The Real Dog Day Afternoons – Hostage Situations Around The World

December 3rd, 2013 | Posted by: admin

hostage Cases of life imitating art can be found from time to time. One of the classic scenarios depicted often in film or television is a hostage crisis and the 1975 film Dog Day Afternoon starring Al Pacino and John Cazale is one example. The storyline centres on a bank robbery that takes a turn for the worse, leading to the two perpetrators holding everyone against their will. The kind of terror seen in many of the most dramatic fictitious plots thankfully does not happen every day. However, real-life history is dotted with hostage drama and examples can be found from all around the world.

Attica Prison riot and hostage

In Dog Day Afternoon, Al Pacino’s character Sonny Wortzik is heard repeatedly chanting ‘Attica!’ at the police who have gathered outside in response to the hostage scene. This is in reference to a riot that took place at the Attica Correctional Facility in New York on September 9th 1971. Inmates turned on the prison staff as they tried to lead them back to their cells in a change from their usual routine of going out to the yard after breakfast. The reason related to an inmate who had been locked up for an incident the previous evening where he had struck an officer with a soup can. A group of inmates had then managed to free him from his cell in the morning on the way to breakfast and the guards retaliated. Assaults on staff began and around 1,000 of the inmates, rioting also for improved conditions and political rights, took control of the prison. 42 members of staff were taken hostage and as unsuccessful negotiations with Correctional Services Commissioner Russell G Oswald and others rumbled on, the scenes became more gruesome. Governor Nelson Rockefeller refused to come to the prison to discuss the inmates’ demands and soldiers and troopers came in four days after the riot started. Ten hostages and 29 inmates were killed altogether, with shotguns and other weapons being used to reclaim the facility.

Sydney bank robbery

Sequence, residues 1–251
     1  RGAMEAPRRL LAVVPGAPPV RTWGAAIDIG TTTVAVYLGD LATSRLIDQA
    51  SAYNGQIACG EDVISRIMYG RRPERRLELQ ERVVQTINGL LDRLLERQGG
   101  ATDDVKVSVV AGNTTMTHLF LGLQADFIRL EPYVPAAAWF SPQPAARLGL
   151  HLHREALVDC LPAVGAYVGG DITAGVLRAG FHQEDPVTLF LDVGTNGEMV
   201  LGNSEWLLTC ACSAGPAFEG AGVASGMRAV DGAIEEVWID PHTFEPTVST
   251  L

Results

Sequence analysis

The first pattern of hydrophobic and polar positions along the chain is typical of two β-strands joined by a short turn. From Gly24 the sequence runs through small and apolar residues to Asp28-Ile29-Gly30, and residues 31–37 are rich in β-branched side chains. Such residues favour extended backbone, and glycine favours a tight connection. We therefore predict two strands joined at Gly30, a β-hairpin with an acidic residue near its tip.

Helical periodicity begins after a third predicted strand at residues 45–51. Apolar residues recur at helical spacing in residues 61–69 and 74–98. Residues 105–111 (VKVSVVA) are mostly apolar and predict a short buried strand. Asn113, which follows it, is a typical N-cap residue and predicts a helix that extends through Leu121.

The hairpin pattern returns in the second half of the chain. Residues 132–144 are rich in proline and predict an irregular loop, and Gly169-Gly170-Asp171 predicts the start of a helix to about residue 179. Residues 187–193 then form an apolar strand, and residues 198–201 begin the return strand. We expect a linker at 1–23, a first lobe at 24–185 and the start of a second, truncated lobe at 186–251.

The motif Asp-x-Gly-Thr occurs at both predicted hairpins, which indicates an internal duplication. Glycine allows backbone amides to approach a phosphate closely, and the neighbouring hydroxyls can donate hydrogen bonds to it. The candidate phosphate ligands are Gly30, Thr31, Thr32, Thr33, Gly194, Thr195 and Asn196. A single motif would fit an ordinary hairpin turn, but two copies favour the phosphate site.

On January 31st 1984, Australia had its attention fixed on an incident at the Commonwealth Bank on Sydney’s George Street. The drama started to unfold from around 10:30 in the morning as Hakki Bahadir Atahan, an unemployed 35-year-old Turkish man, took eleven people in the bank hostage. Atahan had quite a history when it came to bank robberies, reportedly carrying out an incredible 35 in the year leading up to this particular one. Police had been alerted to him and sent in heavily armed officers to surround the bank. Despite their presence, he managed to keep them in suspense for several hours and having already released the customers he let four female employees go. Five male members of staff were kept hostage before Atahan eventually made his way out of the bank. He forced each hostage to form a circle around him as he emerged, making them each place one of their hands on his head. Police could not get a clear look at him and he then led the hostages into a nearby vehicle. One of the hostages was made to drive through police roadblocks and a pursuit involving 39 police cars, a helicopter and Water Police ensued. Atahan collected his girlfriend and released a hostage, but police halted his progress by raising the Spit Bridge. He was surrounded and ordered to surrender but shot Detector Senior Constable Steve Canelis in the face from close range. Amazingly, Canelis survived, but officers responded by shooting Atahan dead.

Palace of Justice siege

Explosive events played out in November 1985 with an attack on the Supreme Court of Colombia. The Palace of Justice siege saw 120 lives lost and began with individuals from the M-19 guerrilla organisation holding the Supreme Court hostage. Thirty-five M-19 members stormed the building, killing security guards and the building manager as they took judges hostage amongst 300 people overall. The guerrillas demanded that President Belisario Betancur come to stand trial as they attempted to prevent the country’s extradition laws being institutionalised. The President refused and the army were sent to re-take control of the palace, initially occupying the lower floors, with guerrillas already manning the higher floors. The M-19 members reportedly burned criminal records relating to a number of their personnel and more than 6,000 documents were destroyed. The military assault on the building resulted in the deaths of over 100 people and many more are said to have mysteriously ‘disappeared’. Around 200 hostages are said to have been saved by the army but among the dead were troops, guerrillas, hostages, visitors and judges.

Leave a Comment